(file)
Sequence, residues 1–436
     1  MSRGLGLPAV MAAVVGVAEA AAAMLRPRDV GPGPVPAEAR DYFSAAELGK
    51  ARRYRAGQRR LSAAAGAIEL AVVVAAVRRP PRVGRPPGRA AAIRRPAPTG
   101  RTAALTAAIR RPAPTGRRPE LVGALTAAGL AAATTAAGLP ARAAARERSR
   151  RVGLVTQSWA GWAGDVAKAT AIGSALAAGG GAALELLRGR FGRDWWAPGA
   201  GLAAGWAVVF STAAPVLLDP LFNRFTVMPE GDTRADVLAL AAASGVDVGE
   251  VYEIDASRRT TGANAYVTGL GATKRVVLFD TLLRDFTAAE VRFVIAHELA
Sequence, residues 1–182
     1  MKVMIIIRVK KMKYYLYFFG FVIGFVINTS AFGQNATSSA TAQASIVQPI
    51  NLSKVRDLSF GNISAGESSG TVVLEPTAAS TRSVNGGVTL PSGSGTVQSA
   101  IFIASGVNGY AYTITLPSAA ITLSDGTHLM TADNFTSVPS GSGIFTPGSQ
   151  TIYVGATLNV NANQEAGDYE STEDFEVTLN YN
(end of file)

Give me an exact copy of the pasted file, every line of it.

Sequence, residues 1–436
     1  MSRGLGLPAV MAAVVGVAEA AAAMLRPRDV GPGPVPAEAR DYFSAAELGK
    51  ARRYRAGQRR LSAAAGAIEL AVVVAAVRRP PRVGRPPGRA AAIRRPAPTG
   101  RTAALTAAIR RPAPTGRRPE LVGALTAAGL AAATTAAGLP ARAAARERSR
   151  RVGLVTQSWA GWAGDVAKAT AIGSALAAGG GAALELLRGR FGRDWWAPGA
   201  GLAAGWAVVF STAAPVLLDP LFNRFTVMPE GDTRADVLAL AAASGVDVGE
   251  VYEIDASRRT TGANAYVTGL GATKRVVLFD TLLRDFTAAE VRFVIAHELA
Sequence, residues 1–182
     1  MKVMIIIRVK KMKYYLYFFG FVIGFVINTS AFGQNATSSA TAQASIVQPI
    51  NLSKVRDLSF GNISAGESSG TVVLEPTAAS TRSVNGGVTL PSGSGTVQSA
   101  IFIASGVNGY AYTITLPSAA ITLSDGTHLM TADNFTSVPS GSGIFTPGSQ
   151  TIYVGATLNV NANQEAGDYE STEDFEVTLN YN